Anyone who’s ever marketed on Amazon will tell you that the company’s model is to “make more popular what’s already popular.” In that same vein, trouble seems to have a knack for compounding itself in the midst of turmoil. For instance, you’re juggling three balls in the air when a text message or email comes in. You know it’s a scam and you’re ready to delete it when—oops—you clicked the link. What now?
The good news is, not much—depending on what you do next.
If the link takes you to a phishing website (a place where they’re trying to gather your personal information), just closing your browser is the safest and most effective way to avoid becoming a victim. If you’re good at reading URLs, you can check your browser’s address bar to see if you recognize the site. However, why take the chance? The phishermen are sneaky and will make their URLs look almost exactly the same as the real deal. Your best bet? Do not click any links while you’re on that site, even if the website looks legit. You can always get to the real site later by entering the URL yourself.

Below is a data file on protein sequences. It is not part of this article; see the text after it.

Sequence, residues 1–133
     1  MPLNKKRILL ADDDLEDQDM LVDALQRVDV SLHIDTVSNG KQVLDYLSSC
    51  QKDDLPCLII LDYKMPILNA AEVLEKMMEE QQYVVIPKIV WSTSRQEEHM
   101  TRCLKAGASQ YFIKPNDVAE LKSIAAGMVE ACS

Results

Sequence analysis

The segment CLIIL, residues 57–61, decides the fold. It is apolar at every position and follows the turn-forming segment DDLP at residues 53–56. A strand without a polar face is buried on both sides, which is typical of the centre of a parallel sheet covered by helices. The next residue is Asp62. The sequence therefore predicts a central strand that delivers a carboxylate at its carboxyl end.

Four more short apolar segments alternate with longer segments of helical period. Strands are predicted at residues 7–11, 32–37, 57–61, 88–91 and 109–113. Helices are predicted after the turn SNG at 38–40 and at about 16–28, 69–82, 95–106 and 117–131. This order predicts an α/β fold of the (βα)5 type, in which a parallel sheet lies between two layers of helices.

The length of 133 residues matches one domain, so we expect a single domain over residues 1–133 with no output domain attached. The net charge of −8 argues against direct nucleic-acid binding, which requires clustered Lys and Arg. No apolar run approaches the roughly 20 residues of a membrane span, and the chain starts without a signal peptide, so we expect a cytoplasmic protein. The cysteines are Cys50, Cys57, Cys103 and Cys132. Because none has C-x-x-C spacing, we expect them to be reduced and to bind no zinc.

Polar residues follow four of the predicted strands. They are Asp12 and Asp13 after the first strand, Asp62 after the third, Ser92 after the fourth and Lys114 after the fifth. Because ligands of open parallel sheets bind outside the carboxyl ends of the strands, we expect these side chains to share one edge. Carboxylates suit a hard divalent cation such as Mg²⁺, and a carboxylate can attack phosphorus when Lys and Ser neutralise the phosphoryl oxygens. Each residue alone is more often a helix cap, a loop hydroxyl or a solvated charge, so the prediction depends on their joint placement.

The malware option
If the link has taken you to a site where malware will be downloaded when you click a link—or perhaps even automatically when you arrive at the site—things get trickier. Hopefully, your operating system will recognize the fact that someone, somewhere wants to download a file to your computer and execute that file. If all goes according to design, you’ll get a message asking you to authorize the installation or execution of the file. The solution? Just say no. Then, find the file in your downloads and delete it.
Don’t trust, but still verify
In most cases, clicking that bogus link in an email or text message won’t be the end of the world. However, it’s always a good idea to run a full virus and malware scan of your machine after the mishap to be sure you didn’t get something you really didn’t want.